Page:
Sourcing strategising in the new product development process : Insights from the strategy-as-practice lens and engineer-to-order context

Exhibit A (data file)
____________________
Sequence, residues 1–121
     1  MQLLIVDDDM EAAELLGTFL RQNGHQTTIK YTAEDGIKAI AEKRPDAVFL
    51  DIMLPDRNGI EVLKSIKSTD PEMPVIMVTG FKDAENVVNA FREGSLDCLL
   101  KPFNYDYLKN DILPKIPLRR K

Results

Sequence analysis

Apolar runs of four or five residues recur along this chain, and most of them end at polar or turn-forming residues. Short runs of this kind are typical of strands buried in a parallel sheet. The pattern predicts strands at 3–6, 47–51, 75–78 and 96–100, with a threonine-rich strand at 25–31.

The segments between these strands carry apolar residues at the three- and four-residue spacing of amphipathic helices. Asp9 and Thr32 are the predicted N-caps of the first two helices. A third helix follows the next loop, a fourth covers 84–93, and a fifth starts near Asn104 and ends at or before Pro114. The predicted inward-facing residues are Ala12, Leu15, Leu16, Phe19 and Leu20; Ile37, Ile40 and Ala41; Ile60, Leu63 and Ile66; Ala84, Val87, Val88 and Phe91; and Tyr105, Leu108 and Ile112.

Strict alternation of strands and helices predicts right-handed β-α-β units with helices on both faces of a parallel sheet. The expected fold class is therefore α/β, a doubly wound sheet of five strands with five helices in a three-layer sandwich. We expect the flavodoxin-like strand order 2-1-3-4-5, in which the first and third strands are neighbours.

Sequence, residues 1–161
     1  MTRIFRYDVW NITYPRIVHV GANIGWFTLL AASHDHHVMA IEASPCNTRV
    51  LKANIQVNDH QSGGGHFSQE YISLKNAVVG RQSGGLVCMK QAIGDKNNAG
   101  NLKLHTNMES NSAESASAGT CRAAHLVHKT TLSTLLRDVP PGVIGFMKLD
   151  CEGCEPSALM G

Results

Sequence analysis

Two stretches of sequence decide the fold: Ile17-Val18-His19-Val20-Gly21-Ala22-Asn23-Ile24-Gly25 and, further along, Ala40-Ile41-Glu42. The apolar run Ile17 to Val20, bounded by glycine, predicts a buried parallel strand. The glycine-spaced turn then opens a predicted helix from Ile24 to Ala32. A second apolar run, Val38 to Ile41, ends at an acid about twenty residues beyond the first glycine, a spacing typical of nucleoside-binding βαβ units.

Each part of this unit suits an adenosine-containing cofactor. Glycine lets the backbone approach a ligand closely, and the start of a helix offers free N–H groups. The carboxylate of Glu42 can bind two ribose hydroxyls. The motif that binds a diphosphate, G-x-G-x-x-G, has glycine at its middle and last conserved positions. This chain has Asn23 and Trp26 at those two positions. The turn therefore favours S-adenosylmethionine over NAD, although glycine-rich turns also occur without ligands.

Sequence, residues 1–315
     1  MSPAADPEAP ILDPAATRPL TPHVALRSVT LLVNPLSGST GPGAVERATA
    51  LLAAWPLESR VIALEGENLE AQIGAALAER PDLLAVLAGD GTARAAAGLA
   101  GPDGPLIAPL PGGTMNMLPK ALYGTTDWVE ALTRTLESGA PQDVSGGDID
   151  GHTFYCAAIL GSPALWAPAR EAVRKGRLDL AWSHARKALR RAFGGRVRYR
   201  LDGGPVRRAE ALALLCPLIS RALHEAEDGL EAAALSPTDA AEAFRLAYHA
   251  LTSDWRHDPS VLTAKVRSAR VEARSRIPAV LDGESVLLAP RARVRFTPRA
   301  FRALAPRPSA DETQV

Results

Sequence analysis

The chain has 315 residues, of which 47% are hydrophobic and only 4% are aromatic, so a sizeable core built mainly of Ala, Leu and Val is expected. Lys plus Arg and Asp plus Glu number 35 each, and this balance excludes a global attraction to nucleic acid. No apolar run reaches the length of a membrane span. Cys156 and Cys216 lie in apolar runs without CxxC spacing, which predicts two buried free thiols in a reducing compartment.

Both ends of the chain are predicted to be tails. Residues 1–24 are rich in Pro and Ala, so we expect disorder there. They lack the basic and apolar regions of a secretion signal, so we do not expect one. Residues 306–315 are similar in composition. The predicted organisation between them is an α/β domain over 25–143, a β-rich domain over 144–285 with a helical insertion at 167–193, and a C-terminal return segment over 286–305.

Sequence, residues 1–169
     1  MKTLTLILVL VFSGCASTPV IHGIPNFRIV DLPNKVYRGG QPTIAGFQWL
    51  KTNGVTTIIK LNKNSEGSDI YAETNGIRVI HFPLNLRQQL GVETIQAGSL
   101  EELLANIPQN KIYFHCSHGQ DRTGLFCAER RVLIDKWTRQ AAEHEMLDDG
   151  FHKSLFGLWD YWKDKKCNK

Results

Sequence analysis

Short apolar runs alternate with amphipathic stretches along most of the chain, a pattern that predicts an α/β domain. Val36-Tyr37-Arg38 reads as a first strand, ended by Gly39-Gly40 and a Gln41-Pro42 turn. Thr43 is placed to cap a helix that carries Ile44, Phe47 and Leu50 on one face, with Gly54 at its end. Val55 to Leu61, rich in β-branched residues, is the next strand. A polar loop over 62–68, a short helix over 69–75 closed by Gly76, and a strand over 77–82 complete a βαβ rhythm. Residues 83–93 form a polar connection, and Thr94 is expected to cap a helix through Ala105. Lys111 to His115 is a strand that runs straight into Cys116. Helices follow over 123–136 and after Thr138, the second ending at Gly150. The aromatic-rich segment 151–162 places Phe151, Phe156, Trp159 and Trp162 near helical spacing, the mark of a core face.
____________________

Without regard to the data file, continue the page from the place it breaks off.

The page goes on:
Abstract: In many cases, manufacturers have changed from sourcing only a few, simple, and separate components from local suppliers to sourcing a high variety of modules from globally dispersed suppliers. This has resulted in the implementation of a wide variety of sourcing strategies, including, for example, multiple sourcing and supplier integration. All these and other sourcing strategies are aimed at achieving a certain level of supply chain (SC) responsiveness. The level of SC responsiveness ideally matches the characteristics of a product. For example, highly innovative products typically require highly responsive SCs.In order to match products with their SCs, manufacturers are advised to engage in sourcing strategy in their new product development (NPD) process. However, there are at least two knowledge gaps in the literature on this topic: (1) the lack of a widely accepted, comprehensive conceptualisation of how manufacturers can engage in sourcing strategy in NPD, and (2) the lack of empirical insights into manufacturers operating in the engineer-to-order (ETO) context. This dissertation focuses on filling these knowledge gaps.Addressing the first gap, the dissertation uses the theoretical lens of ‘strategy-as-practice’ (SAP) and the literature to conceptualise the ‘doing of sourcing strategy’ in NPD as three interrelated dimensions: (1) practitioners, (2) activities, and (3) practices. Through discussing these dimensions and their potential interplay throughout NPD, the dissertation demonstrates the potential of the SAP lens in providing a common framework and reducing the fragmented nature of the literature. By using the SAP lens, the dissertation also contributes to practice. Despite not being ‘actionable’ in the sense of constituting detailed guidelines for acting, the SAP lens produces insights that can help practitioners to become more reflective. For example, they can learn to see sourcing strategising as a multidimensional, dynamic concept and the place it can occupy in the NPD process.The second knowledge gap in the literature regards the lack of empirical research focusing on the ETO context. Therefore, the dissertation includes a case study focusing on practitioners’ sourcing strategising activities and practices in this context. First, five approaches to performing sourcing strategising activities in NPD are explored in terms of their conditions and intended outcomes. Secondly, four practices that can support sourcing strategising in NPD are identified. These practices – referred to as ‘Design for Supply Chain’ (DFSC) practices – are also examined in terms of their interrelations. Practitioners can use the case study findings to compare the advantages of the five sourcing strategising approaches when sourcing items or services. Furthermore, the findings allow practitioners to assess how the four interrelated DFSC practices can support their sourcing strategising efforts in NPD.